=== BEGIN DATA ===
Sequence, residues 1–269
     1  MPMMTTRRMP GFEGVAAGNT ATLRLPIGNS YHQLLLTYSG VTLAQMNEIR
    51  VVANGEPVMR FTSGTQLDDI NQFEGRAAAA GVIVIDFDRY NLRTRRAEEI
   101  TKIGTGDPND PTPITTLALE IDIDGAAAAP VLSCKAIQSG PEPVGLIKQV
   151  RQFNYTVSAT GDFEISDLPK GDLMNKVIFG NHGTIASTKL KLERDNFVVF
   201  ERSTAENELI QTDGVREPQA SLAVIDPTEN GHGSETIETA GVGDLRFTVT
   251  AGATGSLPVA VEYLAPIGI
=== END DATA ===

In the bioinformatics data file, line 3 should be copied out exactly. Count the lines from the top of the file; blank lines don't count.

    51  VVANGEPVMR FTSGTQLDDI NQFEGRAAAA GVIVIDFDRY NLRTRRAEEI